I'm 34 and I've been married twice, to the same man. Wedding number one was a largish traditional Catholic wedding here in Kansas City. I say largish in that we had 70 people which felt like 500 to us. We paid for everything but the food and my wedding dress which were gifts from my parents. I was one of those traditional brides who held dreams of an elegant event, a big challenge for a gal who only brought home $900 a month. For months I dove into each detail using my creativity to make up for the lack of budget. I was determined to make our wedding day the one I had always imagined. The wedding day came, but it did not feel like the blissful day in my imagination. The hours slipped away with each "day of to do" crossed off the list. Before I knew it, I was at the altar and in the middle of the ceremony. Each detail of the day swirled in my head as I took inventory of what I had accomplished and what got missed. To this day I don't remember what Father said and I have a vauge fuzzy memory of actually saying my vows! It was all so overwhelming, but most dissapointing was it lacked the emotion that I was supposed to share with my new husband.
Fast forward ten years. Wedding number two, the renewal of our vows after ten years of being married to my best friend. For the past ten years I'd lived with the nagging feeling that I had missed something fundamental at our wedding, the emotion. Every year about 6 months before our anniversary, I would toy with the idea of planning a renewal of our vows. Every year seemed like a good enough reason to try to relive it again. In fact, we had our wedding pictures retaken at year 5 since our wedding day photographer flaked on delivering the final prints to us. Even after rewearing my lovely dress, which still fit, I struggled to feel the bridal bliss. Eventually around year 7 or 8 I decided I would give up the ghost. Then at the beginning of year 9 I stumbled upon a photo of a friend on Facebook who recently got married in Las Vegas. I was moved by the picture of she and her new husband kissing infront of the Welcome to Las Vegas sign. I was moved by the simplicity, she in a black cocktail dress. No lace. No white tulle. Just a simple and genuine kiss that I could tell wasn't clouded by infinite details of the wedding day. It was just the two of them in the photo, plus a handfull of friends watching on. They couldn't have looked happier. I was inspired again to renew our vows, but this time I would forgo the big fancy party. There would be no guests (or a very few good friends). It would be a weekend just for the two of us. We would go back to the city we honeymooned in which happened to be, Vegas!
Excited by the idea of spontaneity, I decided to book a wedding chapel ceremony. SO many chapels in varying degrees of cheese and chintz. I knew that would be part of the Vegas wedding experience but the fake ivy and white grecian columns were just a little much for me. The classier chapels located at the hotels were more expensive and didn't offer much more in their packages than the cheesy chapels. In the end I decided if you can't beat 'em join 'em. So in classic Vegas fashion, I booked a package that would re-marry us under that same famous Welcome to Las Vegas sign. The weeks leading up to our celebration were fun. I needed only to focus on buying the perfect little white cocktail dress. I purchased a cute head piece with a bronze colored bird cage veil perfect for a winter wedding. I LOVED my simplified bridal ensemble. I felt beautiful AND relaxed. The night of our ceremony, we met my cousin and his wife (who had recently just moved to Vegas) for cocktails at The Vesper lounge in the Cosmopolitan Hotel. From there the limo, provided in our package, picked us up and took us to the famous sign which lit the area with an electric glow. The driver handed me the bouquet included in the package as the photographer (you guessed it) included in the package photographed me pinning the bouteniere on my husband. We then met our officiant, the Reverend, who had officiated over 25,000 weddings including a few celebrity nuptials. He was kind and genuinely happy for us. We could tell he loved his job. So the ceremony began. This time Mel and I wrote our own vows. I took mine out of my new beaded clutch and began to read. Then it happened, tears of joy and emotion. I was overwhelmed by how much I meant those words and how happy I was to be there with him. Practically sobbing, I finished so he could share his. I was SO overwhelmed with emotion during our quick little 10 min ceremony. I had never felt so close and so in love with my husband. We took several pictures infront of the sign and off we went to our dinner for two on the top floor of Mandalay Bay. We wrapped up our evening back at our Bellagio suite (a well worth it splurge), and woke up the next day to order breakfast in our room. We felt like newly weds again, still after 10 years.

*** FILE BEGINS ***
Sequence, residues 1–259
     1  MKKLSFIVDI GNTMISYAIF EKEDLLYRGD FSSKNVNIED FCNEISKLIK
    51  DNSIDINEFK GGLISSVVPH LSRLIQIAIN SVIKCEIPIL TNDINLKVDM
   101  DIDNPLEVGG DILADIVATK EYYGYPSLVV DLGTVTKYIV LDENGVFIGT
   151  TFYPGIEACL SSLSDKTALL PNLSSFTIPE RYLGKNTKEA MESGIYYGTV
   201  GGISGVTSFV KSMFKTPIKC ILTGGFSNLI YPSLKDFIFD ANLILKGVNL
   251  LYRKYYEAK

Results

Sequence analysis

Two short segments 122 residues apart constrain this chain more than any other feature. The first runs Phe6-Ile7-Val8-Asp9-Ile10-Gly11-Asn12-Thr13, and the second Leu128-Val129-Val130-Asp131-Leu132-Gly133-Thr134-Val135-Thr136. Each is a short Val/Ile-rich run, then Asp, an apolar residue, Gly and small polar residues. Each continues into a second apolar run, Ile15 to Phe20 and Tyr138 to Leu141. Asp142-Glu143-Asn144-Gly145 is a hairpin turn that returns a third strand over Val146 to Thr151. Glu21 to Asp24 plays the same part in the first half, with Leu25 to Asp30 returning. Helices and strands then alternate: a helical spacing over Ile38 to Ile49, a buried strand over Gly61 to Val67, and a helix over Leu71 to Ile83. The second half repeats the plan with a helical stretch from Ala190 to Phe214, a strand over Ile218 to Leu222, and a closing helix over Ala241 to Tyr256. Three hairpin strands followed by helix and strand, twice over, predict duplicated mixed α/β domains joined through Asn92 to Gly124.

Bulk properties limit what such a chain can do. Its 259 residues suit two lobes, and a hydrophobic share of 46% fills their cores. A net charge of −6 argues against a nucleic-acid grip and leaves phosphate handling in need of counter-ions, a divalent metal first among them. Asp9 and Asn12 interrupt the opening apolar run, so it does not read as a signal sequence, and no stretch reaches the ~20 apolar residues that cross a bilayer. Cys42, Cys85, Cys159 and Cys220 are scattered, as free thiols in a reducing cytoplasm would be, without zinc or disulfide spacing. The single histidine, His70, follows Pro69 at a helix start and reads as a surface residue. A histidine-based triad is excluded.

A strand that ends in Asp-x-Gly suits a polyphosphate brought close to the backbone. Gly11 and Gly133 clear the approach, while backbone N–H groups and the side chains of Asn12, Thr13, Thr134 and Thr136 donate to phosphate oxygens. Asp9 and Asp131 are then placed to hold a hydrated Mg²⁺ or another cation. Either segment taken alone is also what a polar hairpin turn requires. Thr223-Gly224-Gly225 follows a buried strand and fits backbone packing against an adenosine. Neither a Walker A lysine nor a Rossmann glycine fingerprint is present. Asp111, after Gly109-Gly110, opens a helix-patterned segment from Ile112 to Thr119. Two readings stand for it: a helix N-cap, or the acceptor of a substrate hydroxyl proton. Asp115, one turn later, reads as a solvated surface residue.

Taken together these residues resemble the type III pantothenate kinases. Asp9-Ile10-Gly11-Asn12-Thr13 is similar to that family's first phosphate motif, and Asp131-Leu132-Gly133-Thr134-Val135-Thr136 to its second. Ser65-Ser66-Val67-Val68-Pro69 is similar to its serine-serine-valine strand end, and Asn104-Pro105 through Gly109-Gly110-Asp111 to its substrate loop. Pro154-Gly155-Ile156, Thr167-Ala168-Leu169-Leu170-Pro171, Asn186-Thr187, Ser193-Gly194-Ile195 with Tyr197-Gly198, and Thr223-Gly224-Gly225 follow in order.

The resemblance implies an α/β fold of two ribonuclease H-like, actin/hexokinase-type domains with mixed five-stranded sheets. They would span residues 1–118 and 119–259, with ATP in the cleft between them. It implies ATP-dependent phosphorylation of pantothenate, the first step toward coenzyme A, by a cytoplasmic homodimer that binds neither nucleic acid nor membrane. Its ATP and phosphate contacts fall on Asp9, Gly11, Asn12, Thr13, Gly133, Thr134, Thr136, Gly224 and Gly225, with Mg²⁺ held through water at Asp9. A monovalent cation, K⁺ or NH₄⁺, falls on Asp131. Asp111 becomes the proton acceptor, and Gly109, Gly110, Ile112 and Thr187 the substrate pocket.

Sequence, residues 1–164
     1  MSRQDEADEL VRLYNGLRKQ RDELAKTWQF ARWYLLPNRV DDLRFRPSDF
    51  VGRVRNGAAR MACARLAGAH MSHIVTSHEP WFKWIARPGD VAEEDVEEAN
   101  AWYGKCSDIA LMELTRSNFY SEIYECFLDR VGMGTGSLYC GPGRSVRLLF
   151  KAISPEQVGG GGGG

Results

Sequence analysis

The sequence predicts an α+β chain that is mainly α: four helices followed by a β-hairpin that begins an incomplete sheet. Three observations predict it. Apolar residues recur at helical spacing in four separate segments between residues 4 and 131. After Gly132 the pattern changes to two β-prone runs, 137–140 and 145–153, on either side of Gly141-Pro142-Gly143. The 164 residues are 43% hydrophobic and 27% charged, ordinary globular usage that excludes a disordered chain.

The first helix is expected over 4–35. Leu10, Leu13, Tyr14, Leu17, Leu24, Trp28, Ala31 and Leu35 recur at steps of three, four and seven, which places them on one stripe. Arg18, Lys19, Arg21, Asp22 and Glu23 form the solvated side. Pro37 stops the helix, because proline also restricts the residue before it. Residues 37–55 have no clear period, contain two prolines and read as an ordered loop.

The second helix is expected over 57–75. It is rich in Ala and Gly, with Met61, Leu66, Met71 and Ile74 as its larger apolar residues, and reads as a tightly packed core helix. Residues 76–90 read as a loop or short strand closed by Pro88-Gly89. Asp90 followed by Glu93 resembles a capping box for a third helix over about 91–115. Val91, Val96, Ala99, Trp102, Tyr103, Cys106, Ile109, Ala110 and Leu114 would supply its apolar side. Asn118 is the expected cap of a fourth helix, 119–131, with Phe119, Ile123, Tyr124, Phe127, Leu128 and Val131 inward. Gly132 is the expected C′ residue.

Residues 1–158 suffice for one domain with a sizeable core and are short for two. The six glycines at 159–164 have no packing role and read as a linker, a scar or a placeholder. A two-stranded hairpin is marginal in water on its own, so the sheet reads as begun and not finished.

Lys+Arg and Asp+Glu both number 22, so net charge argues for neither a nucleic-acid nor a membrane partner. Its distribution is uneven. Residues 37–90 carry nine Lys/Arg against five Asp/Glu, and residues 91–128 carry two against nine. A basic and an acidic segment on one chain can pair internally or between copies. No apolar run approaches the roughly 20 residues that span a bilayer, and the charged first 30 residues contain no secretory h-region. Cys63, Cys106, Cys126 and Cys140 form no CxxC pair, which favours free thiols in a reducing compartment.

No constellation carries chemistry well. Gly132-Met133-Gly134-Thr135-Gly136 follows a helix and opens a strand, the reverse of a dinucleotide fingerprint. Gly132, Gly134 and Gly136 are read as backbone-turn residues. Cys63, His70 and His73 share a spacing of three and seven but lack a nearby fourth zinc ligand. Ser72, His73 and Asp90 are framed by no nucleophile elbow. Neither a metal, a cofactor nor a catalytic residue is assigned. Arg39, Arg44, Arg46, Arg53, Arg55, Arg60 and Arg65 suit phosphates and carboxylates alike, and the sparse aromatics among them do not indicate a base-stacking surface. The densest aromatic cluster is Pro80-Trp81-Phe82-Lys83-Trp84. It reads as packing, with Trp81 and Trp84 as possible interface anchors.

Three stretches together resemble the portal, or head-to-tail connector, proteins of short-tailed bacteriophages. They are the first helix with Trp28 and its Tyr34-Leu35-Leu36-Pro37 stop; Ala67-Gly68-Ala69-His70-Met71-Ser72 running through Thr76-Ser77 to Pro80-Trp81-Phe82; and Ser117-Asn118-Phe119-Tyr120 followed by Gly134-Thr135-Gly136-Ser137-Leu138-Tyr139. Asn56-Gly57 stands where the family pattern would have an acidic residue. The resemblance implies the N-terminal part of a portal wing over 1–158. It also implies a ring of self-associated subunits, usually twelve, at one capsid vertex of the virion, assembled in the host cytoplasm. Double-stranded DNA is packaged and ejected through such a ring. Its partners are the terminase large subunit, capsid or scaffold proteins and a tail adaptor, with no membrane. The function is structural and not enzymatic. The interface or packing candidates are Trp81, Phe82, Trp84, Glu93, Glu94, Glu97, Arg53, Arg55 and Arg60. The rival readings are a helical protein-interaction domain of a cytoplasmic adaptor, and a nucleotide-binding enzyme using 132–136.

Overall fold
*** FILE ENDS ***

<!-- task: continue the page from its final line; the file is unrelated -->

I look back at my two weddings and thank my lucky stars I am fortunate to have Mel in my life, and fortunate to have enjoyed two lovely celebrations of our love and commitment. And although our "real" wedding was the elegant affair I had always dreamed of, I was suprised and humbled by the amount of emotion behind our simple little Vegas ceremony. I was reminded of the reading 1 Corinthians recited at our wedding. Our marriage is backed by real love. Once all the ceremony was removed, that which was and is genuine rang true.